Which_commercial_models_1536x1536_200_offset_Standard

Which commercial models make mobile-enterprise SaaS start-ups successful?

By Peter Weed
Which commercial models make mobile-enterprise SaaS start-ups successful?

A new survey shows that some SaaS providers achieve greater value per customer than others. Their strong go-to-market strategies may help explain this trend.

Most venture-capital and growth-private-equity-backed software-as-a-service (SaaS) innovators that build business-productivity solutions ensure their product works in both the PC and mobile use case. In fact, a significant number have moved to a “mobile first” product and go-to-market mind-set. With this mobile-heavy use case in mind, we set out to gain a better understanding of best practices and success factors for early-stage SaaS business models that include a significant or predominate mobile use case.

To that end, we conducted a survey of mobile-enterprise app providers in the venture-capital and growth-private-equity-backed growth phases, sourced from Emergence Capital’s network of hundreds of leading start-ups in this space. Specifically, we focused our survey on SaaS productivity-tool players that have less than $100 million in annual recurring revenue. One of our main goals was to identify best practices and strategies that differentiated top performers from the pack. Our analysis of the survey data revealed many insights that will help venture-capital and growth-private-equity-backed B2B SaaS innovators make important decisions as they attempt to build and scale their mobile-enterprise offerings.

In this article, the first in a series, we’ll examine and compare the results for two groups of early-stage SaaS players: vertical-focused companies that provide targeted solutions for specific industries—for example, retail or healthcare—and companies with a more horizontal solution focus that design applications for specific cross-industry functional use cases, such as outside-sales success, service-force enablement, and team collaboration. While analyzing these groups, we wanted to answer two important strategic questions: how mobile-enterprise companies should target customers and what value propositions and go-to-market strategies are most effective.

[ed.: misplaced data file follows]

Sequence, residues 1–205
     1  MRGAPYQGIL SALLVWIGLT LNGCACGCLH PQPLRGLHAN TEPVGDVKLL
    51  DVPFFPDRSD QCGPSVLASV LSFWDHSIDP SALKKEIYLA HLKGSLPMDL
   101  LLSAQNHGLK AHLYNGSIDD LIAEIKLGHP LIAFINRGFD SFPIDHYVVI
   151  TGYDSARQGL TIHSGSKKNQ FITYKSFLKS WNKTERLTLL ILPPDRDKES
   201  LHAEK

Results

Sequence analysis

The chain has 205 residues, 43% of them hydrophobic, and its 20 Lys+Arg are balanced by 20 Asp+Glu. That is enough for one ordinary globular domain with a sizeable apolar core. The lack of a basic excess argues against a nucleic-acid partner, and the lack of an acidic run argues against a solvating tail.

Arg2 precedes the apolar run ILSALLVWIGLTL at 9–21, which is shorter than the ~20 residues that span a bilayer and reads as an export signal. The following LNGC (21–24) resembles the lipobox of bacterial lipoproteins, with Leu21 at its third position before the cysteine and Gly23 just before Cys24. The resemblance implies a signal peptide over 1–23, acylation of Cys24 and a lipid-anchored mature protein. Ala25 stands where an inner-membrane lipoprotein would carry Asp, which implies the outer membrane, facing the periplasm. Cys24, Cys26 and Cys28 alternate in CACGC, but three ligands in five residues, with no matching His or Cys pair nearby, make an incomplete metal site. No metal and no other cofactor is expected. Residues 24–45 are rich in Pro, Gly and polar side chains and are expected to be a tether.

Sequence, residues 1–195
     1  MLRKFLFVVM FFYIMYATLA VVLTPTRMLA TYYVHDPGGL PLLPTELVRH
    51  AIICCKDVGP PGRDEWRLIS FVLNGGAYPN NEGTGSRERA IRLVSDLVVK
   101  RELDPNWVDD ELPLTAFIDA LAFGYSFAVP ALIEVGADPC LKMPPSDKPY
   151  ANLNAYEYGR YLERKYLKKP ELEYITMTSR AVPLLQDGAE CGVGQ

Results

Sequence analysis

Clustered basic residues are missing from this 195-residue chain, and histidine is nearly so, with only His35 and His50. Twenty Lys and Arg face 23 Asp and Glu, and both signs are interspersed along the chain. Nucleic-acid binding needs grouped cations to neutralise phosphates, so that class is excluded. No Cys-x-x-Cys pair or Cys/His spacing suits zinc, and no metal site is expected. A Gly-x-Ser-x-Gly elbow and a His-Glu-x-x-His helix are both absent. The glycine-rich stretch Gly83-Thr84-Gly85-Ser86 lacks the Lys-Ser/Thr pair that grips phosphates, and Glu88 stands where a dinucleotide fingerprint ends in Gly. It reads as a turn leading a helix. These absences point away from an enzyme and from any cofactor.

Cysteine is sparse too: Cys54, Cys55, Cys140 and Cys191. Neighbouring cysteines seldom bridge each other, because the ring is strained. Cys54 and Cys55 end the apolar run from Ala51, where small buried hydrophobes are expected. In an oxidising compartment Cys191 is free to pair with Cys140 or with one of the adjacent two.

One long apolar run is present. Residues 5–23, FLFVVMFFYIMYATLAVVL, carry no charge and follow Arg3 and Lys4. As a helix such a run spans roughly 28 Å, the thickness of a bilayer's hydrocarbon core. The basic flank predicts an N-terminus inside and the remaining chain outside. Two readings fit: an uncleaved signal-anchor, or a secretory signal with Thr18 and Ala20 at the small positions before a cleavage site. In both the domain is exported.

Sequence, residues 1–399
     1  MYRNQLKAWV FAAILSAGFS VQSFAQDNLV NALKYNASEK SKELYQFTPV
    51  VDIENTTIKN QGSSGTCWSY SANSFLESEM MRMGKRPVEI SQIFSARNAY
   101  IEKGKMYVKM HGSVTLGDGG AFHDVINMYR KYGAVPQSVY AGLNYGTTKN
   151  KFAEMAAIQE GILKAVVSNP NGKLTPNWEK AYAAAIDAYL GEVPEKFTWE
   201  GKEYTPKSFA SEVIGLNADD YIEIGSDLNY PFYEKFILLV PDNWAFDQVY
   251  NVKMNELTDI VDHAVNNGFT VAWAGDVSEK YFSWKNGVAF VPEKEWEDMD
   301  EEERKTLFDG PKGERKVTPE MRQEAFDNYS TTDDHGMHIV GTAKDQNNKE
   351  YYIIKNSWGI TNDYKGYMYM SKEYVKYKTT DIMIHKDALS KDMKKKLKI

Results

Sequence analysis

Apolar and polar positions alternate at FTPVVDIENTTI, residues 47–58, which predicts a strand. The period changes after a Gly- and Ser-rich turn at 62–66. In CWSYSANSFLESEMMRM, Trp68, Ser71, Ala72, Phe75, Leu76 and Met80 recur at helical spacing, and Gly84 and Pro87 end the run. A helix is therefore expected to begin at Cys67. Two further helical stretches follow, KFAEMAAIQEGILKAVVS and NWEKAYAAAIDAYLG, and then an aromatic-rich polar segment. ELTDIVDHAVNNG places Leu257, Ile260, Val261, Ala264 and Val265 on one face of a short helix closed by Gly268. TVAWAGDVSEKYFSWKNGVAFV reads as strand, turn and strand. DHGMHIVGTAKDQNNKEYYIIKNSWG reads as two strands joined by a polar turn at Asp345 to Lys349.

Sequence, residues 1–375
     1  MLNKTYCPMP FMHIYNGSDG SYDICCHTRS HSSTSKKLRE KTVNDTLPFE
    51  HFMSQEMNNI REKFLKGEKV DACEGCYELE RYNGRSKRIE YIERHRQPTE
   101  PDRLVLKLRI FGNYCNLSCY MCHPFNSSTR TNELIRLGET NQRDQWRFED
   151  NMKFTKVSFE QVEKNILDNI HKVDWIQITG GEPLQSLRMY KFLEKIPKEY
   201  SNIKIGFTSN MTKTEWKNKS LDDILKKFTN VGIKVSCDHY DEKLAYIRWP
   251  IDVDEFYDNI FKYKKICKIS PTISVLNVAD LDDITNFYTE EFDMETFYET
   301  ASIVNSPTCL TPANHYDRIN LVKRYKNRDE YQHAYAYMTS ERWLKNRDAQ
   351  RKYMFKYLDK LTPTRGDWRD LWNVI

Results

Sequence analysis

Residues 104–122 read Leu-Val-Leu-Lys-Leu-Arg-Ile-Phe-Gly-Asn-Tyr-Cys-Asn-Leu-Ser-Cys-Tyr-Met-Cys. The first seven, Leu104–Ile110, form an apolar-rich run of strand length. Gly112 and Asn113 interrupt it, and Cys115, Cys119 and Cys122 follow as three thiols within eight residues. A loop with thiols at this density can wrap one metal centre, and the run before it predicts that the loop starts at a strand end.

Do horizontal- or vertical-focused companies reach higher annual contract value?

Our survey uncovered some striking differences in value extracted per customer for mobile-enterprise start-ups, depending on whether they had a vertical- or a horizontal-oriented value proposition. Of the companies in our survey with a vertical-oriented value proposition, 38 percent had annual contract values (ACVs) of more than $100,000 per customer—compared with 4 percent of companies with a horizontal focus (exhibit). By contrast, only 12 percent of vertical-oriented companies had ACVs lower than $1,000 per customer—compared with 35 percent of horizontal-focused companies.

Annual contract values are higher for vertical companies.

When we examined the value propositions for vertical and horizontal players, we found that both emphasized productivity and revenue enhancement during go-to-market efforts—tailored, of course, for their target audience. With such similar approaches to customers, how did vertical players end up with significantly higher revenue? Two factors may explain this.

1. Greater value capture